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State v. Henes

April 2, 2009


Appeal from the District Court of Bottineau County, Northeast Judicial District, the Honorable Michael G. Sturdevant, Judge.

The opinion of the court was delivered by: Maring, Justice.


[¶1] Henes appeals from an amended criminal judgment sentencing him to serve twenty years with the North Dakota Department of Corrections with fifteen years of the sentence suspended for five years. We affirm, concluding the district court did not err in relying on two uncounseled guilty verdicts when it sentenced Henes.


[¶2] The State charged Henes with three counts of gross sexual imposition, class AA felonies, arising out of sexual encounters occurring on October 28, 2006, December 8, 2006, and December 13, 2006. The State and Henes presented a binding plea agreement to the district court, whereby the State would dismiss two of the counts, reduce the third count to gross sexual imposition, a class A felony, and recommend a maximum sentence of twenty years, with fifteen years suspended. The agreement provided Henes could ask the district court for a lesser sentence.

[¶3] At sentencing, Henes argued the district court should suspend all twenty years of his sentence, order him to complete a sex offender treatment program, and order him to live at the Northland Mission Center. Henes introduced testimony from three witnesses: the sex offender program coordinator at the North Dakota State Penitentiary, the assistant director of the Northland Rescue Mission in Grand Forks, and the director of special education for the Peace Garden Consortium in Bottineau. Henes contended that sufficient checks were in place at the Northland Mission Center to ensure that he was adequately supervised. The State did not introduce any testimony, but argued that the district court should follow the sentence outlined in the plea agreement. The State argued Henes was a moderate to high risk sex offender and needed intensive sex offender treatment in a structured setting. The State asserted that, while the court could impose rules to govern Henes's conduct if the court did order a probationary sentence, Henes was not likely to follow those rules. The State argued Henes committed more than one mistake; he also violated the rules "which prohibited the criminal mischief and driving without liability insurance that he just got." The State argued Henes should serve the recommended sentence and presented certified copies of two criminal judgments of misdemeanor convictions for driving without liability insurance and criminal mischief. Henes did not object to the admission of this evidence. The court received the exhibits into evidence. Both convictions were obtained by a guilty verdict.

[¶4] When sentencing Henes, the court stated Henes was not starting with a clean slate, and stated it was troubled by Henes's sex offender assessments and his history of criminal activity. The court also stated,

Although it might seem minor, I am troubled by the last two charges that came in. Driving without insurance is not a big deal, but on the other hand it's advised by three or four deputies that he shouldn't be doing it. And then the incident at the parking lot at Walmart, and I would think if there was ever a time that a person would be on his absolute best behavior, and no matter how arbitrary he might think a deputy is being saying you can't be driving that vehicle, when you're two weeks away from a sentencing on a class A felony I would think that you'd want to do anything to stay out of more trouble, and that just doesn't forfend well for a less than fully structured environment in the future to try and deal with the problems raised by these charges.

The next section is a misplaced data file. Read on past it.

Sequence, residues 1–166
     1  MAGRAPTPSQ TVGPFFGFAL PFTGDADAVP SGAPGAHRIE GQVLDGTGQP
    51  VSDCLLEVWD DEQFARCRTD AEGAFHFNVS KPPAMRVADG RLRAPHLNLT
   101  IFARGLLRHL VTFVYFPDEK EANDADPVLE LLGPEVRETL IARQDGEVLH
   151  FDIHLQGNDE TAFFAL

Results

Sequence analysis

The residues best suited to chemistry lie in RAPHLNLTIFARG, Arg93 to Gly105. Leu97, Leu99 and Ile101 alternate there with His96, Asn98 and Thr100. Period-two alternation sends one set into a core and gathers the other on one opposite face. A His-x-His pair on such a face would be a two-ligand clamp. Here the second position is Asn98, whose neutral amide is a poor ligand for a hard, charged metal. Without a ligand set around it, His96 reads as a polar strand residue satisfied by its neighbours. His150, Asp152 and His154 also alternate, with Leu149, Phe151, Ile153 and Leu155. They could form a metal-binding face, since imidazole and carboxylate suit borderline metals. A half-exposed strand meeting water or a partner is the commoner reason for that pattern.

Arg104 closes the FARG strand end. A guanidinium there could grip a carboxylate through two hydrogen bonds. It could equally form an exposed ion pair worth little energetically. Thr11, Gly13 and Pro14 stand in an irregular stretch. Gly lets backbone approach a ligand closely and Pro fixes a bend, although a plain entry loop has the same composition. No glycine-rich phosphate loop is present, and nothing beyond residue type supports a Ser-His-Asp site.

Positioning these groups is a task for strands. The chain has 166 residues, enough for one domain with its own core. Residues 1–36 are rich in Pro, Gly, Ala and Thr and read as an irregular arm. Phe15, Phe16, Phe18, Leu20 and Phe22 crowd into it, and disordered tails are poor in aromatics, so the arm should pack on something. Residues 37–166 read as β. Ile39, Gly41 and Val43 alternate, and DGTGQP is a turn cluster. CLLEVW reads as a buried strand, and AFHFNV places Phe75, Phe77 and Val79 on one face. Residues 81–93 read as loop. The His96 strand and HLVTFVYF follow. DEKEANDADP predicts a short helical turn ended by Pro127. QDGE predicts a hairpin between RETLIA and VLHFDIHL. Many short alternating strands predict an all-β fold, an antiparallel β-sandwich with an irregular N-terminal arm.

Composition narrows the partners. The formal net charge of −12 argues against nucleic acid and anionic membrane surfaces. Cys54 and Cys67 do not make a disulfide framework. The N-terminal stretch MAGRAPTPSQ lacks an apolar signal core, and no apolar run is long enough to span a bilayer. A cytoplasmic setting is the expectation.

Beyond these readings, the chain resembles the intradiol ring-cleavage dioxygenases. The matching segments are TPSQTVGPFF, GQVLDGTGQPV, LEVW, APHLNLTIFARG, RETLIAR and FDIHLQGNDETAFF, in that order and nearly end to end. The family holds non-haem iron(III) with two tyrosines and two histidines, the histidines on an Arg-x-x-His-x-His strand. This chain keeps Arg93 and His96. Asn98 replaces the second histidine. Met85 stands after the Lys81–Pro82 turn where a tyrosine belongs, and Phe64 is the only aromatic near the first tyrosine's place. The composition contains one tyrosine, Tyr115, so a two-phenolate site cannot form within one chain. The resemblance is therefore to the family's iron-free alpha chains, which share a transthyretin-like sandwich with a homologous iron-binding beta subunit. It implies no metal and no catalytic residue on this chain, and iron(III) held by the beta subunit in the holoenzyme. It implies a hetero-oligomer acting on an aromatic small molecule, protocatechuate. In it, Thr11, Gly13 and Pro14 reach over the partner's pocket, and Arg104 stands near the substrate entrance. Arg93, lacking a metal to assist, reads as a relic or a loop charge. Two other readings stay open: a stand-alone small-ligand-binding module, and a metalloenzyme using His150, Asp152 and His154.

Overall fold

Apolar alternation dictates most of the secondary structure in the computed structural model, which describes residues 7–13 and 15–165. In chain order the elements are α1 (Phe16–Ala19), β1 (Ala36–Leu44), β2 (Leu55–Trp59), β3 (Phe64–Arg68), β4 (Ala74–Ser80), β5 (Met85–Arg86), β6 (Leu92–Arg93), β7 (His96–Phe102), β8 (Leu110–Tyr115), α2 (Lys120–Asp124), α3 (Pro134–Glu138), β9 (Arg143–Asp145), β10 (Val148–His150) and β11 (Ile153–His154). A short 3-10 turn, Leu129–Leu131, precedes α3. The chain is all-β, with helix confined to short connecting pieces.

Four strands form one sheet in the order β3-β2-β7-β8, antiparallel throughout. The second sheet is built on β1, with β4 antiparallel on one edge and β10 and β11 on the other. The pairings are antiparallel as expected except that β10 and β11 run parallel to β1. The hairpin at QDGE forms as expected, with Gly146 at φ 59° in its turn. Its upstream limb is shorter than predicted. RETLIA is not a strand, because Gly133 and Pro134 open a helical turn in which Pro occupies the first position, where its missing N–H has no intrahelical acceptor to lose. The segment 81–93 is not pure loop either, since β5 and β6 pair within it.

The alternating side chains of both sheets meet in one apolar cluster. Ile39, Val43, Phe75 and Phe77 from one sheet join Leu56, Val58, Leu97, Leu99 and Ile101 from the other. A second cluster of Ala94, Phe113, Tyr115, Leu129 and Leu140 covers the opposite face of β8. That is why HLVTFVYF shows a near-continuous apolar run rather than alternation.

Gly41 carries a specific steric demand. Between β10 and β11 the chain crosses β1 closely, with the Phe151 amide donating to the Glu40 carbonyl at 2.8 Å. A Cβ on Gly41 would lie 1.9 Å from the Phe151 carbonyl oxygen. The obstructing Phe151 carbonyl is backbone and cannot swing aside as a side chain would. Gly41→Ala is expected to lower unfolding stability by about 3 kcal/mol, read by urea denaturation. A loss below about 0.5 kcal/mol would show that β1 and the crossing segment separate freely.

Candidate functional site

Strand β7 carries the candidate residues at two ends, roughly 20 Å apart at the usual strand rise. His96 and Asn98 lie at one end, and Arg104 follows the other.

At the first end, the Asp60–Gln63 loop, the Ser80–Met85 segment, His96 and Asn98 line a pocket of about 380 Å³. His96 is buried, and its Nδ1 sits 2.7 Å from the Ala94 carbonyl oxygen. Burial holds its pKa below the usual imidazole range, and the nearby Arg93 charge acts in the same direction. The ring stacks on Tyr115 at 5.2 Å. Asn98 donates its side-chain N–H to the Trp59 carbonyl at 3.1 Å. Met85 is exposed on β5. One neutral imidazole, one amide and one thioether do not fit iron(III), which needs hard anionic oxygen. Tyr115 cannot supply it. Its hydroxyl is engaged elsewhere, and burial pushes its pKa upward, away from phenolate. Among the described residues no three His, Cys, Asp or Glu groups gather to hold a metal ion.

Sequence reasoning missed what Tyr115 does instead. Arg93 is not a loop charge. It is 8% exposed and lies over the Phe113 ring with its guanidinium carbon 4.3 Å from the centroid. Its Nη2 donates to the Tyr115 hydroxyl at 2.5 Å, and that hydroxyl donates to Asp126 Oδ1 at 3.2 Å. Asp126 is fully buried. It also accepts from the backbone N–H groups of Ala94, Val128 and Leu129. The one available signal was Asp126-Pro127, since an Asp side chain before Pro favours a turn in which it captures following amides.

The court decided to conform to the binding plea agreement, and it sentenced Henes to twenty years with fifteen years suspended for a period of five years of supervised probation.

[¶5] Henes appeals, arguing the district court relied upon an impermissible factor to determine the severity of his sentence when it relied on the convictions for driving without liability insurance and criminal mischief.


[¶6] A district court is afforded wide discretion in sentencing. State v. Hoverson, 2006 ND 49, ¶ 34, 710 N.W.2d 890. This Court will vacate a district court's sentencing decision only if the court acted outside the limits prescribed by statute or substantially relied on an impermissible factor in determining the severity of the sentence. State v. Emery, 2008 ND 3, ¶ 4, 743 N.W.2d 815.

[¶7] Henes argues the district court considered an impermissible factor at sentencing by considering his driving without liability insurance and criminal mischief convictions when it sentenced him. The State offered certified copies of the convictions into evidence at the sentencing hearing. Henes was given the opportunity to object to the admission of both exhibits. However, he stated he had no objection to the admission of either exhibit. Henes also did not raise this argument to the district court. Issues not raised to the district court will not be addressed for the first time on appeal unless the alleged error rises to the level of obvious error under N.D.R.Crim.P. 52(b). State v. Fehl- Haber, 2007 ND 99, ¶ 12, 734 N.W.2d 770. Because Henes did not object when the convictions were admitted into the record, we review the district court's sentencing decision for obvious error.

[¶8] "This Court cautiously exercises its authority to notice obvious error and does so only in exceptional circumstances in which a party has suffered a serious injustice." State v. Kautzman, 2007 ND 133, ¶ 15, 738 N.W.2d 1. "To establish obvious error, the defendant must show: (1) error; (2) that is plain; and (3) ...

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